On April 13, 2011, the Baghdad Operations Command announced that it was restricting all demonstrations in the capital to three sports venues. Those were Shaab, Kashafa, and Zawra stadiums. Previously, there were weekly marches to Tahrir Square, which is in the center of the city near the Green Zone. The Command’s spokesman, General Qassim Atta claimed that the new rules were in response to merchants who complained that the assemblies were costing them money. Previously, the government had used carrots, such as promises to reform the ministries, and sticks, like force and intimidation, to cajole the protesters. This was the first time that the authorities officially issued orders limiting where assemblies could happen.
The regulations did not go down well with activists and certain political parties. Organizers, intellectuals, and reporters quickly condemned the Baghdad Operations Command for trying to stomp on the people’s constitutional rights to freedom of speech and assembly. Iyad Allawi’s Iraqi National Movement accused the government of trying to put an end to the demonstrations. Political critics and the press could be expected to come out against these orders. Allawi’s list has also become the only major party to support the protesters, especially because it allows them to attack Prime Minister Nouri al-Maliki, their main rival.
|Demonstrators defying the new government orders in Tahrir Square, Baghdad, April 15, 2011 (Agence France Presse)|
Demonstrations have occurred every day in Iraq since the middle of February. They have happened in every region from the Kurdish north, to western Anbar, to central Baghdad, to southern Basra. This has put the flame to the feet of Prime Minister Maliki, who is busy trying to outmaneuver his rivals. At first, the premier said he believed in the right to gather, and said that the people had legitimate complaints. Quickly however, he changed his tune, and began using the security forces against the protesters and the press to intimidate them. This has now become official policy with the new Baghdad Operations Command orders. Organizers have not listened, and immediately returned to Tahrir Square. Now the ball is back in the government’s court. Will they try to force people into the three stadiums? Will they take legal action and try to send protesters to jail for failing to comply? Will it lead to greater use of force against those that continue to try to meet at Tahrir Square? Given Maliki’s recent record, it’s likely that the authorities will move towards greater repression rather than trying to address any calls for reform.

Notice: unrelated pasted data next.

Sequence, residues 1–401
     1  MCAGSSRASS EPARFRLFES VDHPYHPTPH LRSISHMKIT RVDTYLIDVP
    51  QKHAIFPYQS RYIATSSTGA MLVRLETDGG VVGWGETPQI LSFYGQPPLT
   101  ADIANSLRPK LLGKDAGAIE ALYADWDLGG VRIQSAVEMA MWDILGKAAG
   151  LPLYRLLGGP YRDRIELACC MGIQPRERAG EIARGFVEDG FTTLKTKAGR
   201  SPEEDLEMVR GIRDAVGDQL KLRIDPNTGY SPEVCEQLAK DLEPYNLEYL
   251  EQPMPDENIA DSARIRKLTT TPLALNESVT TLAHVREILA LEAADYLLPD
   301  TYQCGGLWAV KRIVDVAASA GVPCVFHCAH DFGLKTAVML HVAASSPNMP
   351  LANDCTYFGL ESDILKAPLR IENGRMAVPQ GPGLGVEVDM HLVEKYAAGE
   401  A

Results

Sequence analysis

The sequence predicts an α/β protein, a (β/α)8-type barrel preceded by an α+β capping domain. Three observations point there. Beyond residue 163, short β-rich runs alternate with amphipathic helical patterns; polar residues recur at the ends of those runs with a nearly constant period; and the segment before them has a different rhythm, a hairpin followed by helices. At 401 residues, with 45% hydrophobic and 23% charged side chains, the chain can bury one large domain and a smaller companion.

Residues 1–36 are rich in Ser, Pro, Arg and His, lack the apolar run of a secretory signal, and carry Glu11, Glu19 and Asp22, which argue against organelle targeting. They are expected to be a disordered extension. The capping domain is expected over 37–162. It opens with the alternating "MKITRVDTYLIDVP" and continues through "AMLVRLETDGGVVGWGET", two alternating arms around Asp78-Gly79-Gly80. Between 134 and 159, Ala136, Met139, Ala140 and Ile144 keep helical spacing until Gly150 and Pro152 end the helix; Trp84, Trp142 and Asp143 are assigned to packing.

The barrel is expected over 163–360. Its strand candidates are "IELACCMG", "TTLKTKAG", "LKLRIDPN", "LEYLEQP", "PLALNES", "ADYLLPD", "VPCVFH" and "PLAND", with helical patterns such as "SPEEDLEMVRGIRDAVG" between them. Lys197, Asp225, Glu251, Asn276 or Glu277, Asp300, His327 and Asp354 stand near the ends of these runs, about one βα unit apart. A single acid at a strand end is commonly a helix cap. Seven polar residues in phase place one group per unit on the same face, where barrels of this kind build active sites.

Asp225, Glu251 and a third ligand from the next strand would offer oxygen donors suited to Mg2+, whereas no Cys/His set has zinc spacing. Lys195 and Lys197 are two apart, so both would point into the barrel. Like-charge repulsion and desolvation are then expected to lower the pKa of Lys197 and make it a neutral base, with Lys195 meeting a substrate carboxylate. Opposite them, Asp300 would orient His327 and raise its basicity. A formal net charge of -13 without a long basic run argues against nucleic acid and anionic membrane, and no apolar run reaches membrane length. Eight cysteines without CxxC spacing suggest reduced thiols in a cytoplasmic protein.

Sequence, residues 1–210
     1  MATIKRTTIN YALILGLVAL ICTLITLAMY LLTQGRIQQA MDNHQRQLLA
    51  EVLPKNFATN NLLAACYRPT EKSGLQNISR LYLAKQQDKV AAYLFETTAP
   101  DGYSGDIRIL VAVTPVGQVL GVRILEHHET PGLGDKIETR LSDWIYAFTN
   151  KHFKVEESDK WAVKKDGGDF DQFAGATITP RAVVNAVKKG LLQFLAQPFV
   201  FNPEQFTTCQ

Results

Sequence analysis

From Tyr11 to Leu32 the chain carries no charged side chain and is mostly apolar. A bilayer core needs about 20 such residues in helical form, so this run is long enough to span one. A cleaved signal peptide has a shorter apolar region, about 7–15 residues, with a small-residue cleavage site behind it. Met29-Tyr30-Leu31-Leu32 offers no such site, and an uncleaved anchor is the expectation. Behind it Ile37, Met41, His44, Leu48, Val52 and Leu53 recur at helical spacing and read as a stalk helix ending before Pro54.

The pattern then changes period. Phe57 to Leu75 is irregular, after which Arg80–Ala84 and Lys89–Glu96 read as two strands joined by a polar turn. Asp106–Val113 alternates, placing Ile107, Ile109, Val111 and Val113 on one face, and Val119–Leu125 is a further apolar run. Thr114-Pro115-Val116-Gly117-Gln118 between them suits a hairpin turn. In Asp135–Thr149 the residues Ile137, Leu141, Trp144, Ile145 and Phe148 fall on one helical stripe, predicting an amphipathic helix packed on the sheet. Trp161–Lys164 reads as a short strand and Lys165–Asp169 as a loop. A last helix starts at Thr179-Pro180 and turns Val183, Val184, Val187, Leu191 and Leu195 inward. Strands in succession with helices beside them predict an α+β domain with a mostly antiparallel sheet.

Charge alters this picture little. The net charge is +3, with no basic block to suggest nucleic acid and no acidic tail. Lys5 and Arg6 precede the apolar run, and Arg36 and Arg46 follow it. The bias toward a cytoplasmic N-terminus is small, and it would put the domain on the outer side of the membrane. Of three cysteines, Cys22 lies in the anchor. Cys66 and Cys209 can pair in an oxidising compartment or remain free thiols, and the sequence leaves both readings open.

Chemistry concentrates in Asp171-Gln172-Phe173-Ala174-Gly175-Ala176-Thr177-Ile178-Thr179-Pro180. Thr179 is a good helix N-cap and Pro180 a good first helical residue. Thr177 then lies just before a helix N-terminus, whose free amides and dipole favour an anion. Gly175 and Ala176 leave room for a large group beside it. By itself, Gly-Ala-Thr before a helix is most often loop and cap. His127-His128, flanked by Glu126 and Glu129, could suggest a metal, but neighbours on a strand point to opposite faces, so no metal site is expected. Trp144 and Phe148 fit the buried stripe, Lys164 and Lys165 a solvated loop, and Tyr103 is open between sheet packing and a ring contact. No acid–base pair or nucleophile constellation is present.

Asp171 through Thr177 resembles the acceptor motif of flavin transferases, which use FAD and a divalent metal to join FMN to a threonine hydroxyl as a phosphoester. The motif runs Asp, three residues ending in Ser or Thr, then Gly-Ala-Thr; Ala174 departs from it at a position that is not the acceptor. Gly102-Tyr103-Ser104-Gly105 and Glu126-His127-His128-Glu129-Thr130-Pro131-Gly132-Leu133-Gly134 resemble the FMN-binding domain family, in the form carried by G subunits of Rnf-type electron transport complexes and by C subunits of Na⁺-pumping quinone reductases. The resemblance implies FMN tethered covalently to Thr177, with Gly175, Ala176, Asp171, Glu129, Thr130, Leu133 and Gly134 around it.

Agence France Presse, “Iraq restricts protests to three Baghdad stadiums,” 4/13/11
Alsumaria, “Baghdad Protesters Call Maliki to Step Down,” 4/15/11
- “Iraqiya accuses authority of curbing protests,” 4/16/11
Mandalawi, Bashar, “Tahrir protesters: Maliki must go,” AK News, 4/16/11
Al-Sharq Al-Awsat, “Iraqis Condemn Decision To Limit Demonstrations to Two Stadiums,” MEMRI Blog, 4/15/11